Parker took him to the VCA Colonial Animal Hospital in Ithaca, NY for emergency care, where he was given some medication in case it was a gastrointestinal issue. However, the next day Hoosier was acting worse, so Parker called the hospital. “I said, we need to get back in and she had us come in within an hour,” says Parker.
“We ended up running some blood work and doing some imaging,” says Dr. Gillian Lawrence, Emergency and Critical Care Veterinarian. “The X-rays were really concerning for septic abdomen; there was fluid in the abdomen that shouldn't have been there and some gas. But we couldn't really see if there was an obstruction, so they confirmed that with the ultrasound and saw that there was some kind of toy or foreign object in his intestine that was causing a perforation and a leakage of bowel contents into his abdomen, which of course is a big life-threatening emergency.”
A successful surgery
Hoosier had a successful emergency surgery performed by Dr. Dennis Socha, where two foreign objects were removed: the squeaker that’s within a dog toy and a little red plastic heart, its origin of which is not known.
“The only thing Hoosier's very sad about is when he did get home from the vet, he no longer had squeaky toys,” says Parker. “He has a couple of homemade stuff, toys that I've sewn for him with no squeakers in them. Anything we look at in the store, everything's got squeakers in them or buttons on them, so we're just very cautious about what he gets now.”
Seeking emergency care
If your pet is vomiting large amounts or not responding to general supportive care, Dr. Lawrence says that’s a big red flag and they should be brought to emergency care. “Worst case scenario, I think for your wallet, is we do testing and it’s normal, but that’s always good news. Better safe than sorry, I think, especially for a young dog.”
Parker and her husband Patrick, whose own kids are grown and out of the house, say their dogs and cat are like their children and they were fine to pay for emergency care. “I had no issues with the cost of the bill, I just didn't have all that money upfront. So we applied for the CareCredit [Credit Card]” says Parker. “VCA mentioned it to my husband [as an option to pay for Hoosier’s care]. He went online, filled it out, and handed me my phone and said, ‘Here, I was approved.’ It was a very simple process. I logged in everything on the app on my phone. CareCredit was very easy to work with.”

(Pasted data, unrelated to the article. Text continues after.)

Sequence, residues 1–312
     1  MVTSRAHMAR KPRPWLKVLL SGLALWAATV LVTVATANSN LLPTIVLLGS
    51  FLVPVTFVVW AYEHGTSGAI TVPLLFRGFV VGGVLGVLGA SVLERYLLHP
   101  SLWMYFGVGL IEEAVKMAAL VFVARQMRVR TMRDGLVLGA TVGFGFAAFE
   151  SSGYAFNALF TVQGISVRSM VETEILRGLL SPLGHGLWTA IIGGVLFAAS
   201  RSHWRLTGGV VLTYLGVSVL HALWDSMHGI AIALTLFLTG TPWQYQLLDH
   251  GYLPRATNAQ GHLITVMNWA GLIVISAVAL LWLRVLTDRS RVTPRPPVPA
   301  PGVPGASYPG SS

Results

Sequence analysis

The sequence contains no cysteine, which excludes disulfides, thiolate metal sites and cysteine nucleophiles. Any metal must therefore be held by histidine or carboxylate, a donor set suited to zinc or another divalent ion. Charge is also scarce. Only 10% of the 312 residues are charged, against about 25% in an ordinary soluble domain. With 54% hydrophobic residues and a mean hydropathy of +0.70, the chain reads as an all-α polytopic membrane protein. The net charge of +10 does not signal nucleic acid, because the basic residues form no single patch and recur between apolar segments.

The hospital staff tried to keep costs down by sticking to oral meds, but Hoosier would not take any medication, food, or water from them. Fortunately, Parker was able to visit every day and Hoosier would eat and drink for her. “They really were amazing with teaming up with us to make sure he made it through this very scary situation,” says Susan Youngs, Referral Coordinator for VCA Colonial Animal Hospital. “It is so important for families and the medical team to work as a team to provide the best care.”
Despite this being the first visit to VCA Colonial for Hoosier – his original vet retired over the pandemic – Parker refers to the staff as their vet family. “The staff at VCA is very accommodating, very friendly,” says Parker. “The service of care we received, it's beyond worth every penny and more.”
Since then, the Parker’s other dog KC, who is Hoosier’s mom and a five-year-old English Bulldog, and their young cat, Poseidon, have also become established patients at VCA Colonial. And Hoosier is back to his gregarious self. “A month or so after surgery, I brought him in for a well-check and to renew his rabies shot, and a couple of the girls came out from the emergency side and they're like, ‘We have to say hi!’ and they were so excited that he actually jumped on them,” says Parker. “I love going to a vet that loves your dog.”
““It is so important for families and the medical team to work as a team to provide the best care," says Susan Youngs.”